Brad Spaugh

Mugenia

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Re: San Diego garden photos
« Reply #33 on: September 16, 2017, 02:44:39 PM »
Sounds like our old farm. We had 10 80gal bladders, 2 5 HP booster pumps and 30,000gal holding tanks with 3 wells. All kind of filters up to your ying yang.  You are not living off your land and yet you're running as much power or complicated system as some of the farmers in the deep south.  Might be those California's craziness.


Here's my old crib. Cattle ranch. Nearly 100 acres of peace and freedom. Obviously, I can't plant any tropical gardens there.

Below is our current crib, replacing all the Caballo with tropical fruit tree.








« Last Edit: September 16, 2017, 02:53:34 PM by Mugenia »

shinzo

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Re: San Diego garden photos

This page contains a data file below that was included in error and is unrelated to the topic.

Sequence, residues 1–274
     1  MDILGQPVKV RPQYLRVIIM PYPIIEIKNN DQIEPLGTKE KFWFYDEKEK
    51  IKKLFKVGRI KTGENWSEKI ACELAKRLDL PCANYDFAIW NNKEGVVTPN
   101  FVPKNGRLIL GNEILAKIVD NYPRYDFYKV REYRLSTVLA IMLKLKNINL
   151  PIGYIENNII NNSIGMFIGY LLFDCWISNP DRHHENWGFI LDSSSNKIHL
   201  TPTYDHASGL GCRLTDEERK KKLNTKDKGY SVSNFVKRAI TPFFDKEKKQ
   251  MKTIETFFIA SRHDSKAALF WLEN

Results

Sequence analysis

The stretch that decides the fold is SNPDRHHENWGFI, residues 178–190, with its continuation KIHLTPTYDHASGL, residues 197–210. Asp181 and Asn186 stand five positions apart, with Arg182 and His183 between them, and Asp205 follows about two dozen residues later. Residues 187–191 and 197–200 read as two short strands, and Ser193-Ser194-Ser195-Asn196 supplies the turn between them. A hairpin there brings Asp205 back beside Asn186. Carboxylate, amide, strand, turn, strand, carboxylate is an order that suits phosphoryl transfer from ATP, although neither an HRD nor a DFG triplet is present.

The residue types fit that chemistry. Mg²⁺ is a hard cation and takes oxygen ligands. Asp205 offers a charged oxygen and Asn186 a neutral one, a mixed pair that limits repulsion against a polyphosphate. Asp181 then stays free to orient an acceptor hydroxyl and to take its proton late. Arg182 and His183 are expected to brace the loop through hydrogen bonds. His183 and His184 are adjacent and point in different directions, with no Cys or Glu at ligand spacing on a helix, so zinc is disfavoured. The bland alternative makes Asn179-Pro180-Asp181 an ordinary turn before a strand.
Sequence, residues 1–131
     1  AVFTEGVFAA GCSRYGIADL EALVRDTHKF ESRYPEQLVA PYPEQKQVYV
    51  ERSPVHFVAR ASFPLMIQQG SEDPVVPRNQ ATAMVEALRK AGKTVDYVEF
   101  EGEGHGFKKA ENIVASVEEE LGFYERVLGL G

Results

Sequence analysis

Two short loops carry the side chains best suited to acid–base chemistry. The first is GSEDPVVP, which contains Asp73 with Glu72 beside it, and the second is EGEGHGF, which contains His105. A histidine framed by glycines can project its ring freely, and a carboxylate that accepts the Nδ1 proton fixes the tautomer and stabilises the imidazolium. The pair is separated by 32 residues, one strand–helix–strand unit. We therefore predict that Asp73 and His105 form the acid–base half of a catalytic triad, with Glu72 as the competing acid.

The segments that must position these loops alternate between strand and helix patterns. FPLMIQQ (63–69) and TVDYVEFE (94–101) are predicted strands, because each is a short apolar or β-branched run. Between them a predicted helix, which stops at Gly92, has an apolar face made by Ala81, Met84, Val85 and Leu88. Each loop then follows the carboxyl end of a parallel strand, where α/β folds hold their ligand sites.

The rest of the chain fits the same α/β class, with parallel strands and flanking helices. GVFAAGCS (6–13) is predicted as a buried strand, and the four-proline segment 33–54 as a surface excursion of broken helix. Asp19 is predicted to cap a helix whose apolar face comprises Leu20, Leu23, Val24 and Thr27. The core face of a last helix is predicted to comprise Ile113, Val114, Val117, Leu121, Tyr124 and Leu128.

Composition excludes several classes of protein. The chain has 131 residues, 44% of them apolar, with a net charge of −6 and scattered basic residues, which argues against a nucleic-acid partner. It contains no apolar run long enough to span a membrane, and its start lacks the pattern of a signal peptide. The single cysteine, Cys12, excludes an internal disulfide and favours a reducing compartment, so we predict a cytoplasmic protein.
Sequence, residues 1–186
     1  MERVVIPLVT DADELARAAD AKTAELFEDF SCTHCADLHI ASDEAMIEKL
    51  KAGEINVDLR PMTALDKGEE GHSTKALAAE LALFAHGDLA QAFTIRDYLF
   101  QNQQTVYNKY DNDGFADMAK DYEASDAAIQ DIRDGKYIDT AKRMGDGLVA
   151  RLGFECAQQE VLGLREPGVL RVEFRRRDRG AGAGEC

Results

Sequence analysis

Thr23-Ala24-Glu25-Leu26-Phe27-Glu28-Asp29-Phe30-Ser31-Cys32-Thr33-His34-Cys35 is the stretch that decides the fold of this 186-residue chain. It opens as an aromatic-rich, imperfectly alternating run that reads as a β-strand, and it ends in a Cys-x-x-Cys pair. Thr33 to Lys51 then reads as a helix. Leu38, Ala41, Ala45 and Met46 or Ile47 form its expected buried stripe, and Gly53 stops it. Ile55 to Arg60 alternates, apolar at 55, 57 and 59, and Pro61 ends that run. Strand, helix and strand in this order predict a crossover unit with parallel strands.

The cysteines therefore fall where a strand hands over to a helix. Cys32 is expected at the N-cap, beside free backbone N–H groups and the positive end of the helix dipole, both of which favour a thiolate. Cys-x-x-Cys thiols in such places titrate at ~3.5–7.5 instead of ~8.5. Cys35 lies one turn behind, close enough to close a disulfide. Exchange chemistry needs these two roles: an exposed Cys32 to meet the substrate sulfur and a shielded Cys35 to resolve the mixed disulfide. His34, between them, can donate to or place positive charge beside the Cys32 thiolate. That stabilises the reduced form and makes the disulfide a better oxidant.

« Reply #34 on: September 16, 2017, 04:00:33 PM »
Nice pics spaugh, be careful not to girdle the trunks of the mangoes with those yellow rubbons.

spaugh

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Re: San Diego garden photos
« Reply #35 on: September 16, 2017, 04:12:04 PM »
The ribbon is flagging tape its very thin and stretchable.  Its got tanglefoot to keep the ants off the trees.  Those ants were really interested in the new mango flush.
Brad Spaugh

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Re: San Diego garden photos
« Reply #36 on: September 16, 2017, 04:40:20 PM »
Sounds like our old farm. We had 10 80gal bladders, 2 5 HP booster pumps and 30,000gal holding tanks with 3 wells. All kind of filters up to your ying yang.  You are not living off your land and yet you're running as much power or complicated system as some of the farmers in the deep south.  Might be those California's craziness.